Birding at the BioBlitz with Stuart Pimm


One of the great privileges of working for National Geographic has been the opportunity to go on a number of birding walks with Stuart Pimm, professor of conservation ecology at Duke University, North Carolina.

The recipient of numerous prizes, including the 2006 Heineken Prize for Environmental Sciences, Pimm has published scores of scientific papers and written a number of books, including “The World According to Pimm: a Scientist Audits the Earth” (McGraw Hill, New York, 2001).

Pimm was also until recently a member of the National geographic Society’s Committee for Research and Exploration, which is how I came to travel with him to different parts of the world. I will always have vivid memories of early morning bird walks with Stuart Pimm in Madagascar and Honduras–and now at the Indiana Dunes National Lakeshore, where he led two bird walks during the bioblitz, a 24-hour species census that ended at midday today.

Accompanying Pimm on a bird walk involves a lot more than hearing about the birds in front of you. It’s a lecture about birdbehavior and habitat and the wider context of the local ecology.

At the end of the bird walk this morning–in which we heard much about not only the birds we encountered (mallards, red-wing blackbirds, swifts, swallows, terns, and more), but also got into a wider discussion about the sexual dimorphism of peacocks and other birds–I asked Pimm if he would share his tips about how to go about birding. Watch the video to hear what he said:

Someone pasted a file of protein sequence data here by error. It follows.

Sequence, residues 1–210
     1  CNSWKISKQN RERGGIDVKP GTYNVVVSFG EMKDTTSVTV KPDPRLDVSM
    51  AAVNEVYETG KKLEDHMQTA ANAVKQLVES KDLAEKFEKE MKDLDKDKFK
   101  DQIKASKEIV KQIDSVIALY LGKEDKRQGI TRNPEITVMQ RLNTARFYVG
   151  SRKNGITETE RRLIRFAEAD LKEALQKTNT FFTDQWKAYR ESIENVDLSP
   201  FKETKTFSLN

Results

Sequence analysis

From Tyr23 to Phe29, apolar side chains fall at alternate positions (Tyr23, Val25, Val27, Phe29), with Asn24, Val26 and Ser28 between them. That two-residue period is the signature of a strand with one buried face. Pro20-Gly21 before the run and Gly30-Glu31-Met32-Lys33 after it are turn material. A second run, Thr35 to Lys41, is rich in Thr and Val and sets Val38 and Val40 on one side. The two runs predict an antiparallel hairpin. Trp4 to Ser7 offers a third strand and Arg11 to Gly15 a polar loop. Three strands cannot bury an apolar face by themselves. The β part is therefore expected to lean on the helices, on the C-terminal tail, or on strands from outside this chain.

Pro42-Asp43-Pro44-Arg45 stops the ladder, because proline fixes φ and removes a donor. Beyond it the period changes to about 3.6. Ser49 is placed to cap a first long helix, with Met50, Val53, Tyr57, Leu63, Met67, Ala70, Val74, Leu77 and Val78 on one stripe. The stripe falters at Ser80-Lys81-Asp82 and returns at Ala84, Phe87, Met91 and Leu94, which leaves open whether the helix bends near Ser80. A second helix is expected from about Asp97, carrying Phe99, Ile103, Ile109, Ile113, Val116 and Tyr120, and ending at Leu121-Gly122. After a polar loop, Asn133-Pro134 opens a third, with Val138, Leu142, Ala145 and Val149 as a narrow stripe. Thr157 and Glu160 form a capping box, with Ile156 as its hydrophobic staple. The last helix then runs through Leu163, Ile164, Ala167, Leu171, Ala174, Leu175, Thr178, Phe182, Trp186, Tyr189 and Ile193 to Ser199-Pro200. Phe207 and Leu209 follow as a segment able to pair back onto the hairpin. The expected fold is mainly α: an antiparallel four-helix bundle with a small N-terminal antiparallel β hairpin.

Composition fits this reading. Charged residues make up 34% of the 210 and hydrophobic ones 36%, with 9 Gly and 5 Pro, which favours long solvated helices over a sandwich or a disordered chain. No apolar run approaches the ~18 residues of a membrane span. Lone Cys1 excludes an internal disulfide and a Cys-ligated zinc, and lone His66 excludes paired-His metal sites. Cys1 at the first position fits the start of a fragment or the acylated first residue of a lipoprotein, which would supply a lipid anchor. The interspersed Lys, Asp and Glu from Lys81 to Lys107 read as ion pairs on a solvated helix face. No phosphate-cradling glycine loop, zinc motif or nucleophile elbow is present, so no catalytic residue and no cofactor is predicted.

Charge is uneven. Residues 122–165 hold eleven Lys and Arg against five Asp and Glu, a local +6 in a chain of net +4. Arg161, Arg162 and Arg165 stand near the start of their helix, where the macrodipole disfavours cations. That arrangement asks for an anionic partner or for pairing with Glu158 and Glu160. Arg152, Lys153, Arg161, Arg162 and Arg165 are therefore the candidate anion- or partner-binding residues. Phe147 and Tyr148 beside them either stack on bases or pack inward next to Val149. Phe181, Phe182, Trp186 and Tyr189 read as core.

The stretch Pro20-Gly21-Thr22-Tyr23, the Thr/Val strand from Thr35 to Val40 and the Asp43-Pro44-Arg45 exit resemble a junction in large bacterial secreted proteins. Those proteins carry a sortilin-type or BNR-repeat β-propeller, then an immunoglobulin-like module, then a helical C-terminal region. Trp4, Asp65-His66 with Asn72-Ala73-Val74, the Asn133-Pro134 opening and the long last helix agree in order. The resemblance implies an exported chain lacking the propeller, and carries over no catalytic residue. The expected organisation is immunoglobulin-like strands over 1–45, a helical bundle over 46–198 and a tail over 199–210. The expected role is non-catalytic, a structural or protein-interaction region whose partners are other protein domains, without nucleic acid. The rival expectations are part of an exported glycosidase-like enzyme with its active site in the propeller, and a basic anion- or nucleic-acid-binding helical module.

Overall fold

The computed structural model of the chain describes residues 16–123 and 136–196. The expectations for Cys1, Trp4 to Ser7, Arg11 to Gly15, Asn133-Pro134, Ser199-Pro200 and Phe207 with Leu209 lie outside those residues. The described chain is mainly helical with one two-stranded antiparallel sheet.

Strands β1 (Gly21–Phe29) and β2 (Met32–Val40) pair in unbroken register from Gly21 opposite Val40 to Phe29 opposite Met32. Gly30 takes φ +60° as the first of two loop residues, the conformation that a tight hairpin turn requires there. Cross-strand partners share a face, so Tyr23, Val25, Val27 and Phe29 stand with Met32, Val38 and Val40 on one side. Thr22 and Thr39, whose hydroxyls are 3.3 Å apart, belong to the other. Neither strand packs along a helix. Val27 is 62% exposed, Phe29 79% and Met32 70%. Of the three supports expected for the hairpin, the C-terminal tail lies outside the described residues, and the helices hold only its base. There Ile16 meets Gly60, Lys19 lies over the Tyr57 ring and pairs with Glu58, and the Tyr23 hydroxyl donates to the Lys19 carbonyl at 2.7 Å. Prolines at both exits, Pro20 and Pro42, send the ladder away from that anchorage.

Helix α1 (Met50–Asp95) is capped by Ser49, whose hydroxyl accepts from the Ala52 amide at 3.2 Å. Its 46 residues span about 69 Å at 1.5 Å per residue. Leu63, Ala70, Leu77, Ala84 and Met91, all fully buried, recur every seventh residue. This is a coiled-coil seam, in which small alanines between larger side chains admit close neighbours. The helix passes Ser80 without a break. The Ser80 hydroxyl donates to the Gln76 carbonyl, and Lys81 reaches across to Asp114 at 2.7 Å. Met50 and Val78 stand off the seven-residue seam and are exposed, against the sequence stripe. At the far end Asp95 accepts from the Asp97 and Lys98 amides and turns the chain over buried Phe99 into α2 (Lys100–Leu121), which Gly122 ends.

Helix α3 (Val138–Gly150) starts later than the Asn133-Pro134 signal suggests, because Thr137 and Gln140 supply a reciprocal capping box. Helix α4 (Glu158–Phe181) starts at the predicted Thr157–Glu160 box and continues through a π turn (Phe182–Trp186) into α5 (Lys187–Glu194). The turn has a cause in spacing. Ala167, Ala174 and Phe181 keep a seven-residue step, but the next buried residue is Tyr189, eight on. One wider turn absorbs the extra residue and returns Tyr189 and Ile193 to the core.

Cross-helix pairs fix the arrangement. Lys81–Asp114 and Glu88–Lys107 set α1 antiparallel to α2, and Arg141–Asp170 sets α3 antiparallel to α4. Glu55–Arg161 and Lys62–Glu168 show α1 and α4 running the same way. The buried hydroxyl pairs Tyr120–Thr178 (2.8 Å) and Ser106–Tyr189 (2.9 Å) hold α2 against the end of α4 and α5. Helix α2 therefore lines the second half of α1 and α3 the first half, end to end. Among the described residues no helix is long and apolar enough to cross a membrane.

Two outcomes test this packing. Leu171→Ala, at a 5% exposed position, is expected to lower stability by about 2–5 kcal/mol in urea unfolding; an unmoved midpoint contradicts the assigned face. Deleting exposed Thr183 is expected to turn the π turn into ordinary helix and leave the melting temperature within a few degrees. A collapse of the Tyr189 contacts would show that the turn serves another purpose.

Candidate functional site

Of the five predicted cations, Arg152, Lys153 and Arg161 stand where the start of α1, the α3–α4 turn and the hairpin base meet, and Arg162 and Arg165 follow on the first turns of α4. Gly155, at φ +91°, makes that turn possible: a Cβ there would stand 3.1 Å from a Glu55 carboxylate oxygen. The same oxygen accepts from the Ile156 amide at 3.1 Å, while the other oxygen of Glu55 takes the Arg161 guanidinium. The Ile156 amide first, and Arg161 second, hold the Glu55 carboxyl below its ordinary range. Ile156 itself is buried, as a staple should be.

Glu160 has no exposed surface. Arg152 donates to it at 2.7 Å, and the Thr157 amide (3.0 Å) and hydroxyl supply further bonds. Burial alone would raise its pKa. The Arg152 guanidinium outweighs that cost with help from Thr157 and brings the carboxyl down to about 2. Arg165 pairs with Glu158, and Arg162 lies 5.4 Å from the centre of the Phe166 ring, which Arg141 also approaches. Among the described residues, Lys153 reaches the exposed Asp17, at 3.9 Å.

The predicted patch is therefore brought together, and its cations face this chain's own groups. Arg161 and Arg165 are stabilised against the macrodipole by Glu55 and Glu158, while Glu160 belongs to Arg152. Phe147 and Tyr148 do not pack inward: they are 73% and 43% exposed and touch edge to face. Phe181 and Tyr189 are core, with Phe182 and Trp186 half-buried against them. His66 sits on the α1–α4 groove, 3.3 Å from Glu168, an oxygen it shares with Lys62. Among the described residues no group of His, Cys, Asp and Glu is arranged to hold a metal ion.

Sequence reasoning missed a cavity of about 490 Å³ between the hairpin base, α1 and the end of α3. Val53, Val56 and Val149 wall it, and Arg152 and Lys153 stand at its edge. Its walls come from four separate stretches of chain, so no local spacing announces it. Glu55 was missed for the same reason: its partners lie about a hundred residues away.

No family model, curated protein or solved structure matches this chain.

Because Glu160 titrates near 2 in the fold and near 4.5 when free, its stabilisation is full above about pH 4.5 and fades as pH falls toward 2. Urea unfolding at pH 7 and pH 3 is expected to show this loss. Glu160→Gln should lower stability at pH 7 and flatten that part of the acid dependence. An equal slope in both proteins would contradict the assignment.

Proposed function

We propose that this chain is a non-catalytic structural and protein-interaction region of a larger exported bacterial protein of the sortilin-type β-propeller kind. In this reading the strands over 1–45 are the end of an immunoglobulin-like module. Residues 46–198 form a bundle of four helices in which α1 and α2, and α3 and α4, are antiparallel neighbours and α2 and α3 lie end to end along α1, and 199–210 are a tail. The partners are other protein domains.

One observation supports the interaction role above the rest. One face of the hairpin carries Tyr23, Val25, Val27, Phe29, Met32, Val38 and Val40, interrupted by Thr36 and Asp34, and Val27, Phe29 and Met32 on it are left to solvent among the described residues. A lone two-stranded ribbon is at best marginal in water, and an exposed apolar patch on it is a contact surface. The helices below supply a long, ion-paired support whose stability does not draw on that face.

Video and photo by David Braun

Changing Planet


Meet the Author
More than forty years in U.S., UK, and South African media gives David Max Braun global perspective and experience across multiple storytelling platforms. His coverage of science, nature, politics, and technology has been published/broadcast by the BBC, CNN, NPR, AP, UPI, National Geographic, TechWeb, De Telegraaf, Travel World, and Argus South African Newspapers. He has published two books and won several journalism awards. In his 22-year career at National Geographic he was VP and editor in chief of National Geographic Digital Media, and the founding editor of the National Geographic Society blog, hosting a global discussion on issues resonating with the Society's mission and initiatives. He also directed the Society side of the Fulbright-National Geographic Digital Storytelling Fellowship, awarded to Americans seeking the opportunity to spend nine months abroad, engaging local communities and sharing stories from the field with a global audience. A regular expert on National Geographic Expeditions, David also lectures on storytelling for impact. He has 120,000 followers on social media: Facebook  Twitter  LinkedIn